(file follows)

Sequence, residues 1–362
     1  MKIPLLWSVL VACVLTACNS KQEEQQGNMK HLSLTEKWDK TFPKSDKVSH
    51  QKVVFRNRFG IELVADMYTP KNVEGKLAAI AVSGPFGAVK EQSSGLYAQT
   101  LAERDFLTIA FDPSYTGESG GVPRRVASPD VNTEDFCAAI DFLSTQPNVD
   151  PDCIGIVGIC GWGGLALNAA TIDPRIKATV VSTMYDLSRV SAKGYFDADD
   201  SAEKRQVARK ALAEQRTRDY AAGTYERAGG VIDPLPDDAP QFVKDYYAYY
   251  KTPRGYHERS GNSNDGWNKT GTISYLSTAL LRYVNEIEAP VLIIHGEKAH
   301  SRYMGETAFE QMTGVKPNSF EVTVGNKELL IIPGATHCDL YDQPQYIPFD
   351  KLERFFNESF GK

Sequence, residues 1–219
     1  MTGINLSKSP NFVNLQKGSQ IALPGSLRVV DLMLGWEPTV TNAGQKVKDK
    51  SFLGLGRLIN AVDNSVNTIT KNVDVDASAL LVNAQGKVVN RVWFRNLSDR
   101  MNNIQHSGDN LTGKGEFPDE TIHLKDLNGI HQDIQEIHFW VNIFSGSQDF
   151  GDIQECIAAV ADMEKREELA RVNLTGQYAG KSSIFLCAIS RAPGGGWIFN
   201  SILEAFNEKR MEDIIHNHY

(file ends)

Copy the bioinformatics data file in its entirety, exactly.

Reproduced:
Sequence, residues 1–362
     1  MKIPLLWSVL VACVLTACNS KQEEQQGNMK HLSLTEKWDK TFPKSDKVSH
    51  QKVVFRNRFG IELVADMYTP KNVEGKLAAI AVSGPFGAVK EQSSGLYAQT
   101  LAERDFLTIA FDPSYTGESG GVPRRVASPD VNTEDFCAAI DFLSTQPNVD
   151  PDCIGIVGIC GWGGLALNAA TIDPRIKATV VSTMYDLSRV SAKGYFDADD
   201  SAEKRQVARK ALAEQRTRDY AAGTYERAGG VIDPLPDDAP QFVKDYYAYY
   251  KTPRGYHERS GNSNDGWNKT GTISYLSTAL LRYVNEIEAP VLIIHGEKAH
   301  SRYMGETAFE QMTGVKPNSF EVTVGNKELL IIPGATHCDL YDQPQYIPFD
   351  KLERFFNESF GK

Sequence, residues 1–219
     1  MTGINLSKSP NFVNLQKGSQ IALPGSLRVV DLMLGWEPTV TNAGQKVKDK
    51  SFLGLGRLIN AVDNSVNTIT KNVDVDASAL LVNAQGKVVN RVWFRNLSDR
   101  MNNIQHSGDN LTGKGEFPDE TIHLKDLNGI HQDIQEIHFW VNIFSGSQDF
   151  GDIQECIAAV ADMEKREELA RVNLTGQYAG KSSIFLCAIS RAPGGGWIFN
   201  SILEAFNEKR MEDIIHNHY